Another critical factor, according to Reid, that contributes to creating a ripe environment for the survival of the virus is inadequate ventilation. Proper sanitation and ventilation facilities in toilets or latrines promote good health as they allow people to dispose of the waste properly. It can eventually slow down the incubation cycle of several disease-causing agents.

Lawrence Young, a well-known virologist, states that common gathering areas like auditoriums, assembly halls, and corridors may also increase the risk of transmission. The only way to reduce this risk for school safety while causing no hindrance to day-to-day routine is limiting or prohibiting group gatherings. 

Coronavirus survival by surface

Bill Keevil, from the University of Southampton, an expert in environmental healthcare, has done extensive research on different types of coronaviruses and studies their similarities and differences. According to him, the novel coronavirus is structurally almost identical to other coronaviruses

This implies that it is expected to hold on to surfaces such as plastic, ceramics, steel for up to five days, longer than porous materials like cloth, wood, or paper where traces could not be found after 24 hours. 

That being the case, school authorities must place more focus on proper cleaning and sanitization of plastic desktops, desks, chairs, toys, tableware, and perhaps, most importantly, doorknobs, lifts and staircase rails than spending endless hours on disinfecting every library book.

Contrasting views on ways forward

Meanwhile, different microbiologists and infectious disease experts offer entirely conflicting advice. While some propose that observing thorough hand hygiene before touching one’s face or eating should be more than sufficient, others suggest that chances of catching the infection through the air are much more as compared to coming in contact with an infected surface.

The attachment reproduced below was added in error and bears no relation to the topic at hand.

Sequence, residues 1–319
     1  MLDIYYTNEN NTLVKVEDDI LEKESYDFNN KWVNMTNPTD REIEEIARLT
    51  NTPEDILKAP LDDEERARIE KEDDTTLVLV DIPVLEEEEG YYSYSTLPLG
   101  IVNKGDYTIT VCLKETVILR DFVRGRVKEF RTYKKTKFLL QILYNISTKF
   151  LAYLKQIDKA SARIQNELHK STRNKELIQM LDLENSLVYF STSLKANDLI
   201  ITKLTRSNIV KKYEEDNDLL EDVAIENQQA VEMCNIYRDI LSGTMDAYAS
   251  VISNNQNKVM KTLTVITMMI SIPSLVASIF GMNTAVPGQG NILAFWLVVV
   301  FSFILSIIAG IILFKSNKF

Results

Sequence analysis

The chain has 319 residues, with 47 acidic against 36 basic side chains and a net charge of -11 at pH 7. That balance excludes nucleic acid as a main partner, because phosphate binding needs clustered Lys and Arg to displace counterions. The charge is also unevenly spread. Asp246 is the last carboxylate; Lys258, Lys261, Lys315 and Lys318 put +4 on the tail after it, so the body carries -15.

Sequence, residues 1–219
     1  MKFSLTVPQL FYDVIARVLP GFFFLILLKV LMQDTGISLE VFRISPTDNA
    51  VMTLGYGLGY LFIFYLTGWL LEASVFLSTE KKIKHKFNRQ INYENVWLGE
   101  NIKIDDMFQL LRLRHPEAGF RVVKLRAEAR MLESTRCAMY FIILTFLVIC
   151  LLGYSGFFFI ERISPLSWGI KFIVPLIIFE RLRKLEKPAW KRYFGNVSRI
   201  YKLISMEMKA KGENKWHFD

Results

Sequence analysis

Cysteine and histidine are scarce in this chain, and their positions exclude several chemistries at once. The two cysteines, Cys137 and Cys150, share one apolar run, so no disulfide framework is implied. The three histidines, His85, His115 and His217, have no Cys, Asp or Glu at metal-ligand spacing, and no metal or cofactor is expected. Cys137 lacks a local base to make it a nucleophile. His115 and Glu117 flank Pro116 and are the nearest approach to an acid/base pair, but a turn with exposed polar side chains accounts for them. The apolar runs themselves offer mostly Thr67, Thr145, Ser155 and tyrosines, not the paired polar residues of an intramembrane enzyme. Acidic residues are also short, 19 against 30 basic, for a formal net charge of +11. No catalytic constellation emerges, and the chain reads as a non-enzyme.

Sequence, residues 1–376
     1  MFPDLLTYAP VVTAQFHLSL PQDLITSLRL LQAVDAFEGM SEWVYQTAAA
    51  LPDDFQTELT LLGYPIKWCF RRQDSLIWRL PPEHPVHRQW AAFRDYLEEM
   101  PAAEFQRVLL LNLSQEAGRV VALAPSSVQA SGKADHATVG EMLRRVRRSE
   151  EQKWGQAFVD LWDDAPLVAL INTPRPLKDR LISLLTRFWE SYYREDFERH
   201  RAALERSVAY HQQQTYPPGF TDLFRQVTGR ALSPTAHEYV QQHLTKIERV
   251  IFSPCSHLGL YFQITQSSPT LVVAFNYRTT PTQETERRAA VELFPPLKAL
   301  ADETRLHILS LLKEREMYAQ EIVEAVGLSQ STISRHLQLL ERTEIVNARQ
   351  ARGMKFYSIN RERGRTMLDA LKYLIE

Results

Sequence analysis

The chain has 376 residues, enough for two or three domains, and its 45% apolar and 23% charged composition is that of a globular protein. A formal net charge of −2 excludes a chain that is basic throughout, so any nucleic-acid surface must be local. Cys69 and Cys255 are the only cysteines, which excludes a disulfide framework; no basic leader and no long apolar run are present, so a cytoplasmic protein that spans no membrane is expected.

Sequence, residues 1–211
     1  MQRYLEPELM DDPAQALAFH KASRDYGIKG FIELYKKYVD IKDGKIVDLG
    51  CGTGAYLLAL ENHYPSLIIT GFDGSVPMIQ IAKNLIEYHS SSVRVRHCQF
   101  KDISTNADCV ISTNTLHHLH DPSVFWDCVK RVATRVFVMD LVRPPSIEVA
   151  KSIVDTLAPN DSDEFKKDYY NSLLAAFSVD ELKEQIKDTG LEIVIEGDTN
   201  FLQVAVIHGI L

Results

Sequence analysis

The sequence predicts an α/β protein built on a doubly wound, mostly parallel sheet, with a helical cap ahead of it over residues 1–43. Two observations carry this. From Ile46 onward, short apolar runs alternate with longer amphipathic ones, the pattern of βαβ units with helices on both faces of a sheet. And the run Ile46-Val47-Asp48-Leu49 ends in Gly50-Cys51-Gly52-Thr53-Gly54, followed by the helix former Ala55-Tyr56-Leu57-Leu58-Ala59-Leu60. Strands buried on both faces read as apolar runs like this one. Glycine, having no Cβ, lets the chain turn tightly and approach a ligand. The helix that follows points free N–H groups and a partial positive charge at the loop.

In the end, Keevil quotes an excerpt from a Greek study that utilizing copper alloys as a cover, or the building material curbs the chances of mutation and resistance in most viruses. 

I am not expecting schools to undertake time-consuming and expensive renovation work. But wherever possible, make use of copper alloys as a cover.

It’s all about assessing your school’s potential for change

The final consideration to weigh is the school’s ability to create and practice effective and sustainable health and safety measures to alleviate the risk of infection. The infrastructure, budget, existing policies, school culture, and the very readiness of the staff to do their utmost in ensuring school safety contribute to the school’s ability to navigate through the school reopening process safely. Each school will, therefore, be required to assess the potential to enforce a school setting that is safe and sound.

None of this is easy. But at the same time, it isn’t implausible either. If implemented carefully and systematically, students get back to their learning routine, teachers get back their jobs, and stress-free parents resume their day-to-day work. And that’s the reward worth fighting for.